While traveling through northern Uganda, Chris Knuth spotted a tourist vehicle broken down along the road. Stopping to help, he noticed the entire front wheel assembly had fallen off. But that wasn’t the strangest part. Upon further inspection, he could see that all the parts were still brand new. These guys need instruction on how to fix cars, he thought. A visit to the local repair shops provided confirmation. “It was just really primitive,” Knuth says.
Perplexed by what he had witnessed, Knuth took it upon himself to reach out to Bosch Car Service, which offers vehicle service on the African continent. The conversation led Knuth to create a nonprofit in Uganda that would provide automotive training for technicians while teaching them how to run a business. It would also provide access to the Bosch Car Service network for additional resources.
“I was kind of basing it off of a lot of the different programs I've been involved with here in the U.S.,” says Knuth.
When COVID struck globally, Knuth returned to the U.S. and decided to revive the training program stateside. This new nonprofit, called APAC ATI, boasts the ability to train technicians in as few as 10 months to do most of the work required in auto repair shops--- brakes, suspension work, maintenance services, etc.---without sacrificing quality.
“I created a training model that will work in any existing repair shop,” says Knuth.
Bays Over Books
As indicated by responses within the 2022 Ratchet+Wrench Industry Survey, the need for qualified technicians remains an unsurmountable obstacle for many shop owners. Knuth, an ASE-certified technician who owns the San Juan Capistrano, California-based Star Motors European Service, believes his nonprofit can train techs fast and supply the industry with the necessary help that’s missing.
His shop, comprised of 12 bays, seven technicians, and averages $3 million a year in revenue, is the proving ground for his 10-month program. Once a student is enrolled, Knuth and his staff guide them through an immersive learning experience complete with different automotive training modules, quizzes to test their retention rate, and hands-on opportunities to measure aptitude. He's not necessarily looking for the most technically-sound trainees to enter the program, but those with the desire to work and a learner's spirit.
"This is an emersion style of learning, so if a car comes in that has a check engine light, the instructor is going to walk us through the procedure: How do we handle check-ins? What do we do first? What do we do second? Then the instructor can help them test the circuit. It's hands-on in the shop," says Knuth.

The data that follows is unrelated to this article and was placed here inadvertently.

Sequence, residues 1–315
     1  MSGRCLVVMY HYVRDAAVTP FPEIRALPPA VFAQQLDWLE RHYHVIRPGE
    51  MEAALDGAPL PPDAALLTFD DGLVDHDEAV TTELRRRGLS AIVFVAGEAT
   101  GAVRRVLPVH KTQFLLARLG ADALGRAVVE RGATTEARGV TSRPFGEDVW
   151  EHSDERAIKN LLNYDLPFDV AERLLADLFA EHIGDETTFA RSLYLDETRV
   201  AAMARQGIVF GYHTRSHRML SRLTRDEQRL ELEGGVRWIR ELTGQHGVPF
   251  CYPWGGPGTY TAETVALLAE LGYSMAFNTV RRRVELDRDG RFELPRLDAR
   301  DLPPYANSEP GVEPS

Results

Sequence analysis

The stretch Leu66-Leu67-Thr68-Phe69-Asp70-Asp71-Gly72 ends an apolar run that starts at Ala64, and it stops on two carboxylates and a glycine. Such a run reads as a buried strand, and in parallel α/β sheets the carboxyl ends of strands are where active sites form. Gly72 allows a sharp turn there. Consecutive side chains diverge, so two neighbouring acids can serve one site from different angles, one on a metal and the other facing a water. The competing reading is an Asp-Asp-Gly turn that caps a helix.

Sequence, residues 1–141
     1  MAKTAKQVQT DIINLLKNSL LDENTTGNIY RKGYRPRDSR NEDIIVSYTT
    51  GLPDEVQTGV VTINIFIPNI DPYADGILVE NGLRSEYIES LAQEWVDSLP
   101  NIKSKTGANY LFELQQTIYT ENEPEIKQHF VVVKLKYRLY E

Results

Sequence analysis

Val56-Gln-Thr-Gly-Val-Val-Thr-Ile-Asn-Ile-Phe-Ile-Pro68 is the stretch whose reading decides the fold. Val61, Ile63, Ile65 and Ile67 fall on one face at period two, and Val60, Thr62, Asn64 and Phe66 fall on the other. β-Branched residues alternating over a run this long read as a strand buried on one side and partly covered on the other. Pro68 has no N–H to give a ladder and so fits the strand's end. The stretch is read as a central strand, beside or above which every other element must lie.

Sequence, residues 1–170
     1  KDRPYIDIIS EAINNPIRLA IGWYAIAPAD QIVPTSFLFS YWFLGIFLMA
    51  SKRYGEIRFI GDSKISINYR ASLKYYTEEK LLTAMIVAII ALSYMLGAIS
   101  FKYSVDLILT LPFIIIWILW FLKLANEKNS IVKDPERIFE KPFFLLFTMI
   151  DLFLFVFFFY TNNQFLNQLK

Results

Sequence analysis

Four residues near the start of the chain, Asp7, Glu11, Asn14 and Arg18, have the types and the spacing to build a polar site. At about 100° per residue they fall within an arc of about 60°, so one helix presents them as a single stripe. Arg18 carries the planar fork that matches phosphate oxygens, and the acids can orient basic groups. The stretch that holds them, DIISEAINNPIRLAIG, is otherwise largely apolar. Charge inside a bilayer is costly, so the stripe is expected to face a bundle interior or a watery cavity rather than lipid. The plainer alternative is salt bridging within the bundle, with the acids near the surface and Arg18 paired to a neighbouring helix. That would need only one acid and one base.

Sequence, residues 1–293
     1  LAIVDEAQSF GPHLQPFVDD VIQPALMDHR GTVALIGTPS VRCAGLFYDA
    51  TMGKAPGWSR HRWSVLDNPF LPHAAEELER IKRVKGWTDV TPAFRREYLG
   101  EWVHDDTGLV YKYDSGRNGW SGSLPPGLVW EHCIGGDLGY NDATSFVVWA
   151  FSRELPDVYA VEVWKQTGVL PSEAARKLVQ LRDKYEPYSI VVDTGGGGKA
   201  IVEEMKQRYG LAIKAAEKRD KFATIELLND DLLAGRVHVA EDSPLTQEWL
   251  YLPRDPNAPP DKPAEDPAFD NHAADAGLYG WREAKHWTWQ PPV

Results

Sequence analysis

On the classroom side, Knuth teaches theory and application, and shop culture. The goal is to provide a stimulating variety of experiences for the apprentices that helps them gain necessary head knowledge they can in turn apply sometimes within the same day. For students who already possess a technical background, Knuth offers the opportunity to test out of modules, which means these students can enter the workforce in fewer than 10 months. The result is an amicable balance of classroom and shop time where apprentices have the same daily variety as working technicians.
"The reason why our training model is successful is because it works inside of an existing repair shop, so the students will be working on cars that are coming into the shop and ... getting real-world experience," Knuth says.
Meet the Recruits
In 2020, Americans were imprisoned at a rate of 358 per 100,000 U.S. residents. While this is the lowest since 1992--COVID restrictions played a role in dwindling numbers--it presents a problem for the incarcerated and the workforce they seek to re-enter. A 10-year recidivism study conducted by Leonardo Antenangeli, Ph.D.; Matthew R. Durose; and U.S. Bureau of Justice Statisticians found that 66% of prisoners released across 24 states in 2008 were arrested within 3 years, and 82% were arrested within 10 years. Sixty-one percent of prisoners during that period were re-incarcerated for a parole or probation violation or given a new sentence. It's often cited that recidivism is linked to a formerly incarcerated persons' inability to access gainful employment. It's a cycle and trend Knuth believes his program can change.
"The more research I started doing, the more I found that people that have a record have a really hard time getting good jobs. And so, I've also been building relationships within the Department of Corrections, with parole departments, and other community partners that work with the re-entry population. What I've found is there's a tremendous amount of excitement to be able to provide an opportunity for people that can make a living where they can buy a house, they can have a future, and they don't have to defer back to criminal activity," says Knuth.